The One-Two Punch of Potentially Curing Afib and Reducing Stroke Risk
As we’ve discussed elsewhere on this website, atrial fibrillation or afib represents the most common cardiac arrhythmia in the United States and worldwide. This has genuinely become a national medical concern, with an estimated 5 million American adults suffering from the condition. However, you may also remember that it is not the irregular heartbeat itself that we’re most concerned about. Instead, this irregular heartbeat may cause blood to pool in the heart’s left atrial appendage. This increases the risk of stroke and heart attack by up to five times. You can learn more about stroke risk in Afib patients here.
While many patients begin their Afib treatment journey with antiarrhythmic and anticoagulant medication, those no longer finding the medication effective or who cannot tolerate the drugs have several potential curative options.
First, the patient may consider a cardiac catheter ablation. This involves threading a catheter up a vein to the heart originating from a small incision in the groin. Using a specially tipped catheter, your electrophysiologist can visualize the heart in three dimensions and see the electrical pathways, some of which may be malfunctioning. At this point, your electrophysiologist knows the source of the electrical malfunction. The catheter then deploys precise radiofrequency waves or call therapy to oblige or destroy the problematic heart tissue. This procedure resolves or significantly improves Afib in properly screened patients about 70 to 80% of the time.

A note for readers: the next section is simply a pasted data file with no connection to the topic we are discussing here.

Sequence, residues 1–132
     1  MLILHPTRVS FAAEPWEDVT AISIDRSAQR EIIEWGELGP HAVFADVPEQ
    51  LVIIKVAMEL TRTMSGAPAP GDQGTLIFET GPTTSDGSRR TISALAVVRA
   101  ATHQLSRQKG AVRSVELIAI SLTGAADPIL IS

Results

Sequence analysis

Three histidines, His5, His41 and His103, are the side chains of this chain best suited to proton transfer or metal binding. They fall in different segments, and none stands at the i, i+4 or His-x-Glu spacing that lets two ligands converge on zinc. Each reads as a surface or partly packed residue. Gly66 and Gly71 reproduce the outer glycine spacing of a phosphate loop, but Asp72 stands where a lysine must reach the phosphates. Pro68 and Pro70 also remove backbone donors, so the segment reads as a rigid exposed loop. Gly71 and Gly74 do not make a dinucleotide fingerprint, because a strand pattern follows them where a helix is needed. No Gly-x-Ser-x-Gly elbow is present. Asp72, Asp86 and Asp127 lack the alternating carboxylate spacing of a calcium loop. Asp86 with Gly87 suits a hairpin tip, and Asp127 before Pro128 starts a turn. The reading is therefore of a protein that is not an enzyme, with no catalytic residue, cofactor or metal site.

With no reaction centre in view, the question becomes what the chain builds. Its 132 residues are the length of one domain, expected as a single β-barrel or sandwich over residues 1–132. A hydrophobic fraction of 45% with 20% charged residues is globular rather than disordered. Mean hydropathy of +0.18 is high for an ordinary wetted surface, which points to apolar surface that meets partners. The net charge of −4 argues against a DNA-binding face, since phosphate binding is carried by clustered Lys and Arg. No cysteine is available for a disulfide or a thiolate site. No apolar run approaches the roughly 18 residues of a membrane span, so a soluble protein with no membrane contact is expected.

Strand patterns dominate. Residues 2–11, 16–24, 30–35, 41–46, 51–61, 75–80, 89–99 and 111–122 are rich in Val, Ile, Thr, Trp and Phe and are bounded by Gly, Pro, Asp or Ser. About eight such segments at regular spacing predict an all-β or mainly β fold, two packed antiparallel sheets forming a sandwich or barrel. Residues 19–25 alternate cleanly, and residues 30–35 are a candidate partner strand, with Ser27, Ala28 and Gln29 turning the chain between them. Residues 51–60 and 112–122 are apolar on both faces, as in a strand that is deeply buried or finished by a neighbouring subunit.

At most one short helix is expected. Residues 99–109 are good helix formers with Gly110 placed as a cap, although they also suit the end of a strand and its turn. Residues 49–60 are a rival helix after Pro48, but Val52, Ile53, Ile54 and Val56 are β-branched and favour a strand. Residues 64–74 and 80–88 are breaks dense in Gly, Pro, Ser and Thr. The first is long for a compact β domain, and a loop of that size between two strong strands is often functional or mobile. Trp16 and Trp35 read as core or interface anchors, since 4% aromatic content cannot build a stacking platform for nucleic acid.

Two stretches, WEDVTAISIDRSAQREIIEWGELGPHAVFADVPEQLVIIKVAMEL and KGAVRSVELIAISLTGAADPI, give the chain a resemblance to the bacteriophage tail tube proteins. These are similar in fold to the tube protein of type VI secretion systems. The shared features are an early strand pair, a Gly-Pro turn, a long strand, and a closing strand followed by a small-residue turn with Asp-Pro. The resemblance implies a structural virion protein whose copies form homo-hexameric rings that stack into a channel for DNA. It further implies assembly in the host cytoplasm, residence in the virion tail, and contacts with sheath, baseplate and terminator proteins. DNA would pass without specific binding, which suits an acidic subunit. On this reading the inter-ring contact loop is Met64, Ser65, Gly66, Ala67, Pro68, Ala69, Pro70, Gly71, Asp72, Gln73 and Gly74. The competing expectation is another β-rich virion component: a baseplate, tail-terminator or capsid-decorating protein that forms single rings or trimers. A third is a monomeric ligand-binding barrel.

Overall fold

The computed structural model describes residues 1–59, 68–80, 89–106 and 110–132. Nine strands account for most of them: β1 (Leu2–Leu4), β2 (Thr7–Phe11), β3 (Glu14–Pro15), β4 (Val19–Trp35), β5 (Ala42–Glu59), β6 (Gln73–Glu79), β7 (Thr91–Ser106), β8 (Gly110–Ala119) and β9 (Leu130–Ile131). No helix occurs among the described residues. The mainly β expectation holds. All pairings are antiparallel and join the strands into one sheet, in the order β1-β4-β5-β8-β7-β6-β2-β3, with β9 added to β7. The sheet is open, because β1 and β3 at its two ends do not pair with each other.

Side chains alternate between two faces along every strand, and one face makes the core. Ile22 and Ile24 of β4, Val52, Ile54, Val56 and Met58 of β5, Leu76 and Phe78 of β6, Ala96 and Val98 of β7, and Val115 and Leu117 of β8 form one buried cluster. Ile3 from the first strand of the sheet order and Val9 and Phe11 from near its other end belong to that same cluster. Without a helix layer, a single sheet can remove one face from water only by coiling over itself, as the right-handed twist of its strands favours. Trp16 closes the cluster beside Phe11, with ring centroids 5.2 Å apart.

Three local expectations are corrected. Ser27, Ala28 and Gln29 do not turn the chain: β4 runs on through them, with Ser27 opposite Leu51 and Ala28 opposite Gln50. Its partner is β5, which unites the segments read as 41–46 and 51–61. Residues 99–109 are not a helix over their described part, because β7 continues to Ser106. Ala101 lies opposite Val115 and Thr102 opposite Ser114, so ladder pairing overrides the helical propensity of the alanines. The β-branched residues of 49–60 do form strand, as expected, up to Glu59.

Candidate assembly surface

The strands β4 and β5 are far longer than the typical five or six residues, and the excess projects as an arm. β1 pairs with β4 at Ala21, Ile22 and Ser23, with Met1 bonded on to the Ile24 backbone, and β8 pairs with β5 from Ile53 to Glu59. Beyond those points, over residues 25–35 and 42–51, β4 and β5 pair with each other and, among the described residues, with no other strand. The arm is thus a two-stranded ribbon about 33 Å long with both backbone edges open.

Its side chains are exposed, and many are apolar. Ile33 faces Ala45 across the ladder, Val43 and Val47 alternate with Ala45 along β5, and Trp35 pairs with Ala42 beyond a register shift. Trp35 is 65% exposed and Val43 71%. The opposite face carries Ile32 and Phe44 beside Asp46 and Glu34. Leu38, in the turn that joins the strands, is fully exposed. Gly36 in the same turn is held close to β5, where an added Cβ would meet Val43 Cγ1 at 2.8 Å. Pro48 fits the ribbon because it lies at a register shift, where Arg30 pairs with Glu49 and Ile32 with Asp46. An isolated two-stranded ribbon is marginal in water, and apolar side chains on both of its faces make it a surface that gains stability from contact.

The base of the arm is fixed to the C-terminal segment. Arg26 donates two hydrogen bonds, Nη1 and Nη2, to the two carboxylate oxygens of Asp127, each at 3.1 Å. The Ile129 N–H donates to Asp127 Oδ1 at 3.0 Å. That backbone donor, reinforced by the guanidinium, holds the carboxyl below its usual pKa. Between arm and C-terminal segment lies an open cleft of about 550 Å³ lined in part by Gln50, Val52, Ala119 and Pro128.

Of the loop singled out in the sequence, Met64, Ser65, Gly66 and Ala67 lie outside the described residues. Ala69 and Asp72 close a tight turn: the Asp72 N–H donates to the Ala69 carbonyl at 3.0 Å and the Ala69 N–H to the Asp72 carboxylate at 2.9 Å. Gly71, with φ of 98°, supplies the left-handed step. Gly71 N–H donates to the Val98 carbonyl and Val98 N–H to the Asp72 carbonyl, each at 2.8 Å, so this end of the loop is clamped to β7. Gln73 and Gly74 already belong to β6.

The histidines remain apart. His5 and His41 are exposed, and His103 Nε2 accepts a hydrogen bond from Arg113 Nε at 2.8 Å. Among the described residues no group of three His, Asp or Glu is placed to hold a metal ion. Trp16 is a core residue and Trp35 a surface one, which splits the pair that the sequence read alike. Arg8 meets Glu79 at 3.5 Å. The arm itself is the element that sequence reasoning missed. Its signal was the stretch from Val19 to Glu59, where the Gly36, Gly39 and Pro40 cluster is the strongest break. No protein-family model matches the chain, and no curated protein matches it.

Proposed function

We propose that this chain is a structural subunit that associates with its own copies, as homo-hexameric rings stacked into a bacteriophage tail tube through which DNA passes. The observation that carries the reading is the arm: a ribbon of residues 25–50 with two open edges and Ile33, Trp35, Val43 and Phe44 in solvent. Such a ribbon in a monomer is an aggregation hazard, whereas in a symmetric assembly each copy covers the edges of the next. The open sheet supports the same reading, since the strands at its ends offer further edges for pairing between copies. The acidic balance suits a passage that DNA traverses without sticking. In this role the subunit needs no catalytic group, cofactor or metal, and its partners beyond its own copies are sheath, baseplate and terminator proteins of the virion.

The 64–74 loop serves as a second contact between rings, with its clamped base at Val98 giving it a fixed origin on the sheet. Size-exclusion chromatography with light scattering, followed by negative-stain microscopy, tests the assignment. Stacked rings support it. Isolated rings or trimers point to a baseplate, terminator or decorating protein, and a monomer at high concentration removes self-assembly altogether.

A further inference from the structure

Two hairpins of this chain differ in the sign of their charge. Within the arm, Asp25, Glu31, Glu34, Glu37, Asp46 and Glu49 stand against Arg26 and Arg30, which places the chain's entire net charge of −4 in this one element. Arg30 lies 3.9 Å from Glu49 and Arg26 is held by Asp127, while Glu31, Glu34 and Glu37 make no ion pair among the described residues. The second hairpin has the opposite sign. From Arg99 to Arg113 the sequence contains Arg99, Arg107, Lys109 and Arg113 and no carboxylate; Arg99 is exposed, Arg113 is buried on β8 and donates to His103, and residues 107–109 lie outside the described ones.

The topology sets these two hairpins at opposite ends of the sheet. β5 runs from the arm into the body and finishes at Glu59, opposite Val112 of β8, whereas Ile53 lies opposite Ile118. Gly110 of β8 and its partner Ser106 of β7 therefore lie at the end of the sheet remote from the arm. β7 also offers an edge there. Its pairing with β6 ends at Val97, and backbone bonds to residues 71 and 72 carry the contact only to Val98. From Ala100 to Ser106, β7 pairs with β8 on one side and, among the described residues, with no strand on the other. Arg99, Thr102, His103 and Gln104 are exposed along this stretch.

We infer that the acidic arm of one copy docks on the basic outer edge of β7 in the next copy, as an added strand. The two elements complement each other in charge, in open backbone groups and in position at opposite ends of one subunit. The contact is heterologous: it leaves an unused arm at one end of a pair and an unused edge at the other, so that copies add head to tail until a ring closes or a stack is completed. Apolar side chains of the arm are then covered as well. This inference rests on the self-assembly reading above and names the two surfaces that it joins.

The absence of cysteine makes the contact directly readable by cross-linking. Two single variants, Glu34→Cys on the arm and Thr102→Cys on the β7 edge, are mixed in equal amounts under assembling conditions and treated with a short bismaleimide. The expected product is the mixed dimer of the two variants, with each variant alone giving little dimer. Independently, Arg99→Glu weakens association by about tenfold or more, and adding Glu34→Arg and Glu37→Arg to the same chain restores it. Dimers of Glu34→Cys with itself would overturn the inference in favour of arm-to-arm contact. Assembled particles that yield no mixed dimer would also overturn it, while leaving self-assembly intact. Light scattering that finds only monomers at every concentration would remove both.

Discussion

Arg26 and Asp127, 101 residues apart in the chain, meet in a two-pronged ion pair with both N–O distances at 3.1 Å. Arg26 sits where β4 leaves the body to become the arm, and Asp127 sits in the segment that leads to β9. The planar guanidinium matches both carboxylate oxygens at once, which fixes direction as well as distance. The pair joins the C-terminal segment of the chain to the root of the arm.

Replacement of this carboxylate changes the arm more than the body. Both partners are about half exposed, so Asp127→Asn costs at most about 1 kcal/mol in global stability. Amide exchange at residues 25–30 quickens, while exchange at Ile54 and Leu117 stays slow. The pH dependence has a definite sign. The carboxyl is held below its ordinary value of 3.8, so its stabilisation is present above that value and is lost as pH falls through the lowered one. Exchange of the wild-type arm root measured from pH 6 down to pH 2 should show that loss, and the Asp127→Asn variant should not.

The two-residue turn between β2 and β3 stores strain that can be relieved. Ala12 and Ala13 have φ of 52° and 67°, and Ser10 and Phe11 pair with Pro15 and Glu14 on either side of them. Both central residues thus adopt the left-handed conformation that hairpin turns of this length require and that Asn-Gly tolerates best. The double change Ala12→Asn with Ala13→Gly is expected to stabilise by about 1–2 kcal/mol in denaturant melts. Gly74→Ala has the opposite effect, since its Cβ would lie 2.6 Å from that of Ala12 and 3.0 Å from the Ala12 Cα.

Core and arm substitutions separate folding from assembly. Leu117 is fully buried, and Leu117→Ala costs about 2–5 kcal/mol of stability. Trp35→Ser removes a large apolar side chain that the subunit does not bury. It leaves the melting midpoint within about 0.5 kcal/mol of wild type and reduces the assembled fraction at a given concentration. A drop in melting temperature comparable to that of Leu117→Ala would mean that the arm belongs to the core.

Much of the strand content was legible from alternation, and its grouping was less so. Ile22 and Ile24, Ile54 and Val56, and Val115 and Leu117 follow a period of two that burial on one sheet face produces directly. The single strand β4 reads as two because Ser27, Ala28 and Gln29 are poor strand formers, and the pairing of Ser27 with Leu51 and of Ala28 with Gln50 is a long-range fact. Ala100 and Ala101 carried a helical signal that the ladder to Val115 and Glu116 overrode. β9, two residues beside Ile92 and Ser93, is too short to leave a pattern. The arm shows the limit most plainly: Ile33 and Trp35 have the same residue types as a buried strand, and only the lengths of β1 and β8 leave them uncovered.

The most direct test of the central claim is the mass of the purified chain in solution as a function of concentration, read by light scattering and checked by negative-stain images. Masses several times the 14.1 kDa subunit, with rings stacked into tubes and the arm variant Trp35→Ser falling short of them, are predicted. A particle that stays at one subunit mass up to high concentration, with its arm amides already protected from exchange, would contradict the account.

What About That Stroke Risk?
The left atrial appendage or LAA is the primary cause of stroke risk in people with Afib and other arrhythmias. The LAA is a small outpouching from the heart, which serves no concrete purpose. However, blood can pool and clot when the heart does not pump efficiently. If one of these clots separated and traveled to the brain, patients may experience a debilitating stroke. For this risk, we use a device known as the Watchman. The device looks much like a parachute covering a metal lattice. The device is placed snugly over the opening of the LAA via a catheter. It completely seals off the LAA from the rest of the heart. The result is that any clots within the LAA are filtered – hopefully permanently.
While they are separate surgeries, some patients may receive cardiac catheter ablation and a Watchman during the same procedure.
Of course, our goal is to treat you at the earliest signs of an arrhythmia to help ensure the most treatment possibilities. We encourage you to contact our office to learn more about the diagnostic process and next steps if diagnosed with cardiac arrhythmia, especially Afib.